The Internet has responded collaboratively to the lack of trust in official pronouncements about radiation levels in Japan. First, Shigeru Kobayashi aggregated geiger counter readings from around Japan. Then Haiyan Zhang, self-described interaction designer, technologist and maker of things, produced a Google maps mashup of Kobayashi’s data.
Click this image to view the actual interactive map.
Alexis Madrigal comments:
One of the key problems has been that people aren’t sure whether to trust the official measurements, no matter how many of them there are. Today, sociologist Zeynep Tufekci addressed the issue of lack of trust in institutions in her essay, “If We Built a Safer Nuclear Reactor, How Would We Know?”
I think I may have seen the beginnings of a way to build that trust in this crowdsourced map of Geiger counter readings from around Japan. It’s one thing to blindly trust the experts. It’s quite another to doublecheck them with a distributed network of 215 Geiger counters — forcing them to earn that trust.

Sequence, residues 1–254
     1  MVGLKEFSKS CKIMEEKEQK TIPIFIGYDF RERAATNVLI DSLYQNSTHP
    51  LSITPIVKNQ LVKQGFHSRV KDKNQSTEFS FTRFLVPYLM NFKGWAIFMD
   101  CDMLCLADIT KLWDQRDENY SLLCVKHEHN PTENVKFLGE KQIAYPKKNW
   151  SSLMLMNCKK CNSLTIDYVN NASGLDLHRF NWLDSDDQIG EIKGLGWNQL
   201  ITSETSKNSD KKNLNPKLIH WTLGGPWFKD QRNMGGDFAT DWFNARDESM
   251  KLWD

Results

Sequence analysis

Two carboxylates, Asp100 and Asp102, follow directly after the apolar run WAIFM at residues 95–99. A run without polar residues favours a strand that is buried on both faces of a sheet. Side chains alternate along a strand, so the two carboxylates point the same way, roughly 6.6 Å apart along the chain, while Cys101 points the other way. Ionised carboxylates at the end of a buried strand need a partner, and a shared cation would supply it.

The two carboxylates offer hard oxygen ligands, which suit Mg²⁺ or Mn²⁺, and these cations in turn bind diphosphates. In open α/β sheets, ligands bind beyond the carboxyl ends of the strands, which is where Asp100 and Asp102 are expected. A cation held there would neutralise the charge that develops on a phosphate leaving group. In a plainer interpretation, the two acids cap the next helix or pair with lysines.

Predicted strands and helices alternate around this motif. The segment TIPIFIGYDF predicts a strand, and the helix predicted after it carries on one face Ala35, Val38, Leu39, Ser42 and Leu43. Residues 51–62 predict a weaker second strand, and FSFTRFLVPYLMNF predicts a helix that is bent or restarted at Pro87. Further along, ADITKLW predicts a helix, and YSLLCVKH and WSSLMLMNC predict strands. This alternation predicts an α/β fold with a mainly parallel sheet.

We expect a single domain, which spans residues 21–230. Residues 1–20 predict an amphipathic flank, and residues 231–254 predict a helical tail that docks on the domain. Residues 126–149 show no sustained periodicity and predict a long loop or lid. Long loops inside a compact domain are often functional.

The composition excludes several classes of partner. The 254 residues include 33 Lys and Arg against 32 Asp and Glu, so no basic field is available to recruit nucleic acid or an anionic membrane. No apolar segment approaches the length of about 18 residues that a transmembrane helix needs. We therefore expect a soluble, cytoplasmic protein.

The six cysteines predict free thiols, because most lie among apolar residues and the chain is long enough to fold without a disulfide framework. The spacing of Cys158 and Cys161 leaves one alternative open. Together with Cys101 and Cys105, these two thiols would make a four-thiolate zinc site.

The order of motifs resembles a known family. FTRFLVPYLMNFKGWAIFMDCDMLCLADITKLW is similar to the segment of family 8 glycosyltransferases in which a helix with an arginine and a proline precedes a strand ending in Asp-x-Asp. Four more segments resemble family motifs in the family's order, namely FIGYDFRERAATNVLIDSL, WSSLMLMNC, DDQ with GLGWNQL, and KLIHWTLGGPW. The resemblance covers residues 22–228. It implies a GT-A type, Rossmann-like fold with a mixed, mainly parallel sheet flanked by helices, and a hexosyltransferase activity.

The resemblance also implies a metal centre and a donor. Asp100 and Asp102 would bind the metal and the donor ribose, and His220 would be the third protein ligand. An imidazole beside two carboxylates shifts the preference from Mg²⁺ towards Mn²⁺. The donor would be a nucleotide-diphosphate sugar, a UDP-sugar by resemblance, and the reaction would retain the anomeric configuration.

This is DIY science with purpose.
That’s what Atlantic tech blogger Alexis Madrigal calls Google’s Books Ngram Viewer. Google has scanned about 10 percent of all the books ever published. Enter any word or phrase into the search box, and the viewer returns a graph of its frequency of appearance in books published over the last two centuries. Note that the searches are case sensitive, and you can compare the relative frequencies of up to
four five different words or phrases, separating them by commas in the search box. Say, “Nova Scotia” and “Ontario,” for example:
Try it yourself, and please send me any interesting pairings you come up with.